The study highlights many gaps between what today’s workers want and what employers deliver. To combat the effects of The Great Resignation, employers have to focus on more than just competitive wages & employee benefits, instead, deliver what will really make a difference to today’s younger generations as well as up-and-coming workers.
Reports caution employers of the risks they carry if they do not act on the needs soon, especially with no signs of the great resignation slowing. 70% of workers today are open to new job opportunities, while nearly a third (32%) of Gen Zs. While 28% of millennials are actively seeking a new role. 49% of workers are confident that they would quickly find a new job if they were to lose their job.
Why is this shift happening?
Till now I told you what the study shows, but such a matter also requires different perspectives, and different outlooks, we can’t just base why this is happening just on studies, despite all of it being true. So, why would Genz prefer to be unemployed than be Unhappy at work? Being GenZ myself, I would say the statement holds, we are not just saying we’d rather be unemployed, we mean it.
Looking at the generations before us, our parents and grandparents, working tirelessly, and having near to no time for their life, families, interests, or hobbies, has made us bitter against work, even if you’re happy or not notion. People like me who are part of working-class households, seeing how the pandemic affected the world, and how even the most loyal employees were not safe from the mass firings, changed how we perceive the work industry.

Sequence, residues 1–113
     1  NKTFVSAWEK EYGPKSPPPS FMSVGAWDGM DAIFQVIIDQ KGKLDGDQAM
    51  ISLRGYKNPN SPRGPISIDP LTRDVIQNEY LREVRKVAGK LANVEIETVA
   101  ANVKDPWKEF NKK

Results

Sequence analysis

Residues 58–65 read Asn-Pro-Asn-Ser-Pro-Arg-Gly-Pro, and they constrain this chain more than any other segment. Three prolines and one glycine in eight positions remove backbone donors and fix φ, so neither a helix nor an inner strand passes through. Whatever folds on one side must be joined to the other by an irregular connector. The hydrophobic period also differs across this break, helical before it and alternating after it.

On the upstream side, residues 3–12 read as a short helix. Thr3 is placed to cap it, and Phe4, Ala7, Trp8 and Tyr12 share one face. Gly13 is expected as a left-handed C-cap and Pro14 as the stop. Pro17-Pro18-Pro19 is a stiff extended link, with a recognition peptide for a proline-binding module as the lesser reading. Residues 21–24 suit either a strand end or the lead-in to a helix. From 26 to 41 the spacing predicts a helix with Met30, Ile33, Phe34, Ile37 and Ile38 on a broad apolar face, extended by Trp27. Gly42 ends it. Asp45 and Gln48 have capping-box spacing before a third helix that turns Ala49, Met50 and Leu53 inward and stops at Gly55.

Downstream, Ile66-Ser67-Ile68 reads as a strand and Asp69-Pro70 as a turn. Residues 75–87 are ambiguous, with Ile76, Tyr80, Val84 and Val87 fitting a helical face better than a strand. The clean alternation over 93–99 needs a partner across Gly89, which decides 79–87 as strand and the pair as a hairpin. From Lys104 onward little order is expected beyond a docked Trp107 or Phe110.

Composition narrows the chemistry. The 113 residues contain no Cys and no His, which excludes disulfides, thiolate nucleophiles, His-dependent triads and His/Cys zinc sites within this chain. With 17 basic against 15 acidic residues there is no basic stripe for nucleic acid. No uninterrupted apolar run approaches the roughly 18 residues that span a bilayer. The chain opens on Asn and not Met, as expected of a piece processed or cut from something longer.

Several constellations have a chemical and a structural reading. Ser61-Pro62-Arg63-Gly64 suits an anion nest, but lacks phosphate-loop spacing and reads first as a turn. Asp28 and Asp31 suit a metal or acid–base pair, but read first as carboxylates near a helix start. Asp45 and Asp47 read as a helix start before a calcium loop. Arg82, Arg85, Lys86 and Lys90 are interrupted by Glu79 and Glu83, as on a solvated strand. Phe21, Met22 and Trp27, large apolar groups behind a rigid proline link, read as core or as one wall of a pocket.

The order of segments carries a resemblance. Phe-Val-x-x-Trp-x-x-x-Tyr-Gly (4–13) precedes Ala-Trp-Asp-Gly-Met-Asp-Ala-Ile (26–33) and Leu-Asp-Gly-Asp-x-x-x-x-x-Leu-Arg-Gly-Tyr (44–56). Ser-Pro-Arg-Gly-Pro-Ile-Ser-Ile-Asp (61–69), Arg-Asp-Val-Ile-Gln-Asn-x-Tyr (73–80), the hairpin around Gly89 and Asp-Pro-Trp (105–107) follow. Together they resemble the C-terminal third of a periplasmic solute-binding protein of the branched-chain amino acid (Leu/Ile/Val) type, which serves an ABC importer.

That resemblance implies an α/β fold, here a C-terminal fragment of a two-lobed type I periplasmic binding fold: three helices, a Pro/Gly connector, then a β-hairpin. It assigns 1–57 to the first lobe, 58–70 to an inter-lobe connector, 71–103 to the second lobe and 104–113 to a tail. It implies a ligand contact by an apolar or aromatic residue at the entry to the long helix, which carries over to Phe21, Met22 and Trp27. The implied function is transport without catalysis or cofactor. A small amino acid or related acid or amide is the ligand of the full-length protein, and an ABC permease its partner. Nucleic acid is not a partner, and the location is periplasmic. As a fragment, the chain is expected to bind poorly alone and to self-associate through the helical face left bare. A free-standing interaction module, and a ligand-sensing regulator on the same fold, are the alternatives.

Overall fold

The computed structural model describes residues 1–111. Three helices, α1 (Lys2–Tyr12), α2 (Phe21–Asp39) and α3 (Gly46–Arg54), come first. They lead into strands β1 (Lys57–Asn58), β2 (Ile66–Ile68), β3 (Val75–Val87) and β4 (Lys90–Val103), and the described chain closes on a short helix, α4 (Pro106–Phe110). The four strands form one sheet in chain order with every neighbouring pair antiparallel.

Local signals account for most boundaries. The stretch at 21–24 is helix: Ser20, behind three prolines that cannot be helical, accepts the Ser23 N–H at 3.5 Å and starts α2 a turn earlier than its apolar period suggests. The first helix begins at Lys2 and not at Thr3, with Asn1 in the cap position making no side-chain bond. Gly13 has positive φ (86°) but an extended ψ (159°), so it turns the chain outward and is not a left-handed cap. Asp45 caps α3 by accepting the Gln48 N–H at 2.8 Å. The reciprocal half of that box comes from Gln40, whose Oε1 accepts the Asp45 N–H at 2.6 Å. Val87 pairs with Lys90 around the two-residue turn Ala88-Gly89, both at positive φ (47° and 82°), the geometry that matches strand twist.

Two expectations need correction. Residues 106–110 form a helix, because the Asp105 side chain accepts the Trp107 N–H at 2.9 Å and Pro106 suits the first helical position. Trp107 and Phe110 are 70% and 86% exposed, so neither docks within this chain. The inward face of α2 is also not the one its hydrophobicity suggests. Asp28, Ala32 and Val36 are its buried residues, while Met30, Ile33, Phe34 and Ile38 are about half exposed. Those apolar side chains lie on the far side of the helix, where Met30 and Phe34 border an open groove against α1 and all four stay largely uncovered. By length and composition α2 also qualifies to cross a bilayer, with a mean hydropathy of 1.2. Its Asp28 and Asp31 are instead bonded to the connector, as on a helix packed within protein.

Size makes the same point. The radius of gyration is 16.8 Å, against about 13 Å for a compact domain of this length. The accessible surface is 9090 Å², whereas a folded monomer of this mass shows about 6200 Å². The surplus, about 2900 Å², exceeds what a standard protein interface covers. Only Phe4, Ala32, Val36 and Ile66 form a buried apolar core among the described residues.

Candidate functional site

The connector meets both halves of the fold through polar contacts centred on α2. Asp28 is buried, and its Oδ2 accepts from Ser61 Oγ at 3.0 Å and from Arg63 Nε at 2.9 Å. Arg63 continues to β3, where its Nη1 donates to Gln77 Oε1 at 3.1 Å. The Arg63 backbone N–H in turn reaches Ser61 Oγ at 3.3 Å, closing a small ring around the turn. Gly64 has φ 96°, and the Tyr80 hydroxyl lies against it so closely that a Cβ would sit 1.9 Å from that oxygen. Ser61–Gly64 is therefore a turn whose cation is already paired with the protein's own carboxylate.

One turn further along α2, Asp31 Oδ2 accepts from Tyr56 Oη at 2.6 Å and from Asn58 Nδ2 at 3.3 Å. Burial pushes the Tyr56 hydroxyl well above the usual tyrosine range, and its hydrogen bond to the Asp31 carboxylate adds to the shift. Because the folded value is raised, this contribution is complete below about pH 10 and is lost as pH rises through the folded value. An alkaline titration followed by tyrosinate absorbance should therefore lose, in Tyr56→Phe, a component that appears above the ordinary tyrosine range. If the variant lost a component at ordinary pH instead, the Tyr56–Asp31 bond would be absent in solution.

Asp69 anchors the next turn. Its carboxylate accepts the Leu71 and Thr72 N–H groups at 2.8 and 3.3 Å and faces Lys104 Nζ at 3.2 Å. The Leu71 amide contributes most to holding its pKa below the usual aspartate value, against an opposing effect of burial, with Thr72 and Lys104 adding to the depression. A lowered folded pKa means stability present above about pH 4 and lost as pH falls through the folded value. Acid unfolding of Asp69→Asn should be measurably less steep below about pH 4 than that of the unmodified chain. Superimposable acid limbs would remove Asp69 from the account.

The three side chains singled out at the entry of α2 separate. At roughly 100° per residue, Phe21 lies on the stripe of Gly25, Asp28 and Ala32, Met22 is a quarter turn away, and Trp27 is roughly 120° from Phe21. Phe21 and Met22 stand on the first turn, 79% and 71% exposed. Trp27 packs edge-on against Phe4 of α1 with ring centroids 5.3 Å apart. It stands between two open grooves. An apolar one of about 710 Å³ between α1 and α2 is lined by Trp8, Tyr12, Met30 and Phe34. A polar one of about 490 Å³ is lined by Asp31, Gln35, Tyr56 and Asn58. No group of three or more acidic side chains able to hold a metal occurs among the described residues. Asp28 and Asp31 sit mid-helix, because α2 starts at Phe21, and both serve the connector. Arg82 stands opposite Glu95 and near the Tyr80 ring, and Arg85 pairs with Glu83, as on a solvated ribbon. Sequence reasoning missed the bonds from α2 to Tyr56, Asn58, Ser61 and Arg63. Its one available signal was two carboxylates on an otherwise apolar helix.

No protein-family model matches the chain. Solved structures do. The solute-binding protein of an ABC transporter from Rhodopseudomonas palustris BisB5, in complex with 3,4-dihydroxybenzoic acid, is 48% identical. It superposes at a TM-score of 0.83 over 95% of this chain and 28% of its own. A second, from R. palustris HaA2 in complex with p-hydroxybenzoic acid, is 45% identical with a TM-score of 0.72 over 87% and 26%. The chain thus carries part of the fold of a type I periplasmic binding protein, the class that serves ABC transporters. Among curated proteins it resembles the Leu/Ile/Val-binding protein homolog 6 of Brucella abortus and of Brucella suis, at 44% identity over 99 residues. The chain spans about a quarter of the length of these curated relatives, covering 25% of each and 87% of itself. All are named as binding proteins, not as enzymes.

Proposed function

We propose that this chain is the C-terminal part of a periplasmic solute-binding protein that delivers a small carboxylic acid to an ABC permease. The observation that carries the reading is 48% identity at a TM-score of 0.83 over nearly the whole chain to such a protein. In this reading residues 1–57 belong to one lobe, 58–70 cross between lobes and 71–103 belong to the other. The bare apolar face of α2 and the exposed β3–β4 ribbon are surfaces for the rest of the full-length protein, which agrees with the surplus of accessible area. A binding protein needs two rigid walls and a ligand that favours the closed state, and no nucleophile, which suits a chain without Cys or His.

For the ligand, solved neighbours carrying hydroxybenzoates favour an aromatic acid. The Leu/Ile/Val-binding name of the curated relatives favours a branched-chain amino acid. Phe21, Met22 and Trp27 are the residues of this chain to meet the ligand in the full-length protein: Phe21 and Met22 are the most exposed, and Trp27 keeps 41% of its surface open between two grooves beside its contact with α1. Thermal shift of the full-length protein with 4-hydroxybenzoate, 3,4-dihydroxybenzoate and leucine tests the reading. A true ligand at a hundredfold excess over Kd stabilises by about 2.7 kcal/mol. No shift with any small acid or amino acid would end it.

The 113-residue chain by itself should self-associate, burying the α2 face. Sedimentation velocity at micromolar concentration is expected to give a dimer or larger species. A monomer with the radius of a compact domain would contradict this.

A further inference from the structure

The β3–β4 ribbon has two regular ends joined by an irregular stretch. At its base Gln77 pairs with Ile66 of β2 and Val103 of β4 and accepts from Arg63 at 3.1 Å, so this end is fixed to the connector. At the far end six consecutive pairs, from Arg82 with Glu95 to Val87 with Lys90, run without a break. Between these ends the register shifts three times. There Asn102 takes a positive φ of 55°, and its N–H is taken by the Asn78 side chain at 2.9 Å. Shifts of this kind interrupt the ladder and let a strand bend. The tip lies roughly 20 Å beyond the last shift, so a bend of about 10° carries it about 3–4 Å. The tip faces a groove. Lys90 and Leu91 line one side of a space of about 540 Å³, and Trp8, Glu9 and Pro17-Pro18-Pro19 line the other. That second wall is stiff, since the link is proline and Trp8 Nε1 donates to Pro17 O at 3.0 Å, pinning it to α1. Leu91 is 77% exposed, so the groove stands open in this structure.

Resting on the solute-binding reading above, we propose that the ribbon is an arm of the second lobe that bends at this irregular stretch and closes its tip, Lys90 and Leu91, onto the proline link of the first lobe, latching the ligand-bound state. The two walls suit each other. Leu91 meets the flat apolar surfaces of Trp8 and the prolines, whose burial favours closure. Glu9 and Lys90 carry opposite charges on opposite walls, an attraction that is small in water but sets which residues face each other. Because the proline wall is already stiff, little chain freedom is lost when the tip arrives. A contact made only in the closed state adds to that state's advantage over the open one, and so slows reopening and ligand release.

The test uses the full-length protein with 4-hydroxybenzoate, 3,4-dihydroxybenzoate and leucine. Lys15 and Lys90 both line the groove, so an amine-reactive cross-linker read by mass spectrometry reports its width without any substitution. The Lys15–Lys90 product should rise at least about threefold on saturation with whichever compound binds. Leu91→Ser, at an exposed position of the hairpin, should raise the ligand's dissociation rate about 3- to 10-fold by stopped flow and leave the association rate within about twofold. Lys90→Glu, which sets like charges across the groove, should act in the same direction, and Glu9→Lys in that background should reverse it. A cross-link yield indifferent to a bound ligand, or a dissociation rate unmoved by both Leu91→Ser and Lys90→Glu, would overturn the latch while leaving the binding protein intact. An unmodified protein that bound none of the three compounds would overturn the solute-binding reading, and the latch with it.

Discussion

I don’t want to spend all my life contributing all I can to a company, while not living life. All the priorities the survey pointed out are true. Yes, I would rather work at a place that aligns with my values, that has job flexibility, a workplace that genuinely contributes to my happiness, and vice-versa. I don’t want to be some crusty grumpy old man, who did all he could for just monetary gain, and just passed through life in the name of survival, instead of living it and enjoying it.
I believe that Ye said it best, “When we die, the money we can’t keep
But we prolly spend it all ’cause the pain ain’t cheap.”